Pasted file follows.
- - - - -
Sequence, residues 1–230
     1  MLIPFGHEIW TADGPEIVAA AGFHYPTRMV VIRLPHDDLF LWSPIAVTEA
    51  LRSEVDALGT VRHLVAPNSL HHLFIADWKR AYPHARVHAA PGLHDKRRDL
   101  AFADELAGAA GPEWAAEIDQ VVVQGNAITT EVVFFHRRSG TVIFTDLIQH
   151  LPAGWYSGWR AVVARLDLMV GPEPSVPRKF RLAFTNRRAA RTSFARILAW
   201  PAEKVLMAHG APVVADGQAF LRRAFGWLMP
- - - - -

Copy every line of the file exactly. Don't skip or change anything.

Sequence, residues 1–230
     1  MLIPFGHEIW TADGPEIVAA AGFHYPTRMV VIRLPHDDLF LWSPIAVTEA
    51  LRSEVDALGT VRHLVAPNSL HHLFIADWKR AYPHARVHAA PGLHDKRRDL
   101  AFADELAGAA GPEWAAEIDQ VVVQGNAITT EVVFFHRRSG TVIFTDLIQH
   151  LPAGWYSGWR AVVARLDLMV GPEPSVPRKF RLAFTNRRAA RTSFARILAW
   201  PAEKVLMAHG APVVADGQAF LRRAFGWLMP